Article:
Brushing Up Your Dog's Domestic Skills

Owning a dog is hard work. Sure, you’ve got a cute little canine to run around your house and snuggle up on the sofa with you, but you’ve also got a demon on your hands who will rip up the newspaper and quite possibly pee all over your carpet when you’re not looking! And a lot of the time, this is because the dog hasn’t been house trained properly, or has forgotten the lessons you laid down as a puppy.

Whether you’ve got an aging puppy on your hands, or you just haven’t had the time to get your dog to perform any tricks or to enforce any discipline recently, now’s your chance to change this tune a little. There’s quite a few lessons out there you can teach a dog at any stage in their life, as long as you’ve got the treats to do so. Here’s a couple bad behaviours you’ll want to focus on first.

Time to brush up Fido’s skills, as well as his coat! (Source)

Barking at a Knock on the Door

First thing’s first, what do you currently do? Do you tell your dog to quieten down, maybe yell a little to get them to back off? Don’t worry, we’ve all been guilty of instances like this, but it’s a behavior we can quickly straighten out (for you and your dog!). Your dog probably gets stressed out by a knock at the door or from the doorbell ringing - a stranger is coming into their territory and they don’t know what to do about it!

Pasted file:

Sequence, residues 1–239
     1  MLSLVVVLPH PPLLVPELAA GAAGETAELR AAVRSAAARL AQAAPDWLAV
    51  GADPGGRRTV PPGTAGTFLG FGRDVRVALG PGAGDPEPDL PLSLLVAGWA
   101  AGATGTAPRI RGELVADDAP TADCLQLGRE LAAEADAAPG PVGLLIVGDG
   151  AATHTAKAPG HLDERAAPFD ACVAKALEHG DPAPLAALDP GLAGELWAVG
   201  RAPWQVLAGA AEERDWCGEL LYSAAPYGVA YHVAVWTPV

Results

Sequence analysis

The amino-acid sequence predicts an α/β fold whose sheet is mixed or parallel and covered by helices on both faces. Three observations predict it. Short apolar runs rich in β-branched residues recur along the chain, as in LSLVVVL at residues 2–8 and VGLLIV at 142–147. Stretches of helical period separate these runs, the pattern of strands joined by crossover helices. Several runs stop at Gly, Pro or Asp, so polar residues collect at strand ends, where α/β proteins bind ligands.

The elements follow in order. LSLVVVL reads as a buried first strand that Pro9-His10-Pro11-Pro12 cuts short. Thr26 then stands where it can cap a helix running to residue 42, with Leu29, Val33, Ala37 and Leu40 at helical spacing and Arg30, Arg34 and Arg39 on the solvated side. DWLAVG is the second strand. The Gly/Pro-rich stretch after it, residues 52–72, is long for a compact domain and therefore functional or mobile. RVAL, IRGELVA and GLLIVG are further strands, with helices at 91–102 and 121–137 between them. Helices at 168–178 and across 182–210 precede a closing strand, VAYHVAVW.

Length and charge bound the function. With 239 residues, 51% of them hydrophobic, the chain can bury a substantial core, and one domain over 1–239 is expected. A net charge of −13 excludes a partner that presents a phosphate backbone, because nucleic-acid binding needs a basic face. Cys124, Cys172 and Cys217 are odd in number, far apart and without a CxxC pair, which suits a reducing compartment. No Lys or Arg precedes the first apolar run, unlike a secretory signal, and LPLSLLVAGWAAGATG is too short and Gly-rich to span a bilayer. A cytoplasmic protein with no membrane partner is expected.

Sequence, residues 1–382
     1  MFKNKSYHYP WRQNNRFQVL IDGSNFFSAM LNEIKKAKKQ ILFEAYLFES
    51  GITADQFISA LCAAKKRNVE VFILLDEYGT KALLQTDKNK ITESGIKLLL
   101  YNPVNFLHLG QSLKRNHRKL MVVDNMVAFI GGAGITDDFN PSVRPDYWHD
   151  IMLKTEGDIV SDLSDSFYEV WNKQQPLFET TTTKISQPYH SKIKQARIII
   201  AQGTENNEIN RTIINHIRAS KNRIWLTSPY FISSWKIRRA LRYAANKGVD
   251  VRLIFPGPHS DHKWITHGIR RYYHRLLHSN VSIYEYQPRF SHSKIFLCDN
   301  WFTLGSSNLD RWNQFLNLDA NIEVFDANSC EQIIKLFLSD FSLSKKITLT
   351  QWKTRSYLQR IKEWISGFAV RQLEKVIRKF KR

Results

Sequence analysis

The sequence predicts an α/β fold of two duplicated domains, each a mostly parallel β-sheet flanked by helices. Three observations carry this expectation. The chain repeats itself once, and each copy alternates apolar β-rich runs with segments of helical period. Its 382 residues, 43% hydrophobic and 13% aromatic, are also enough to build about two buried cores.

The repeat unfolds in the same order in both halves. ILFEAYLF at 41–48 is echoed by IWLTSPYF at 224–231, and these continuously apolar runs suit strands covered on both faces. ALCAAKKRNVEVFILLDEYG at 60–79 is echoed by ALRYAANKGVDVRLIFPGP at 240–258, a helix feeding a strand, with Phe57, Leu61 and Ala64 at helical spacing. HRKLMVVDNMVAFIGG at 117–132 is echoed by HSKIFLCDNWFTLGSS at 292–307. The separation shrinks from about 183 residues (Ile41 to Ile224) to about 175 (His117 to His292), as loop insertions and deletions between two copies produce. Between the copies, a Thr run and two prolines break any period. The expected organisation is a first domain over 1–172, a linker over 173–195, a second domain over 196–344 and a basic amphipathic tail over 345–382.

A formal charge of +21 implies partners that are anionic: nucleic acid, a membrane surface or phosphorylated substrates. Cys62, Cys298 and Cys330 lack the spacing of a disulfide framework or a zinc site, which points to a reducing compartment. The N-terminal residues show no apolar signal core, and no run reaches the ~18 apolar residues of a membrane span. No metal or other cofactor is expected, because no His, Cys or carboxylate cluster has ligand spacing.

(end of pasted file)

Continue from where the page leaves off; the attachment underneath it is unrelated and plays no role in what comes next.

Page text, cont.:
Make sure you’re clearly happy and relaxed to open the door, and show your dog this. Also, try to ignore the barking - the more you react to a bark, the more your dog will bark, as they know it gets a response! You don’t necessarily need some dog training here, but it might be beneficial to try and reinforce good habits when it comes to dealing with external sources - you don’t know when someone’s coming round, and neither does your dog, so let’s get some professional help to deal with it.

Chewing Items They’re Not Supposed to

How many shoes have you lost to your puppy? Maybe one or two? Maybe 5 or more? Maybe every pair you own? Don’t worry, you can help to limit this kind of behavior as well, as long as you put some effort in.

There’s a good chance your dog needs more stimulation in their life, a.k.a., they need more playtime, or more park visits. And as the owner, this is up to you to foster - get some toys out, play tug of war, throw a bit of fetching in, and even head down to the park at least once or twice a week to let your dog really get their energy out.

Your dog doesn’t have to remain an indoors menace; there’s plenty you can do to teach them good habits. You’ll all have a much happier time at home this way.

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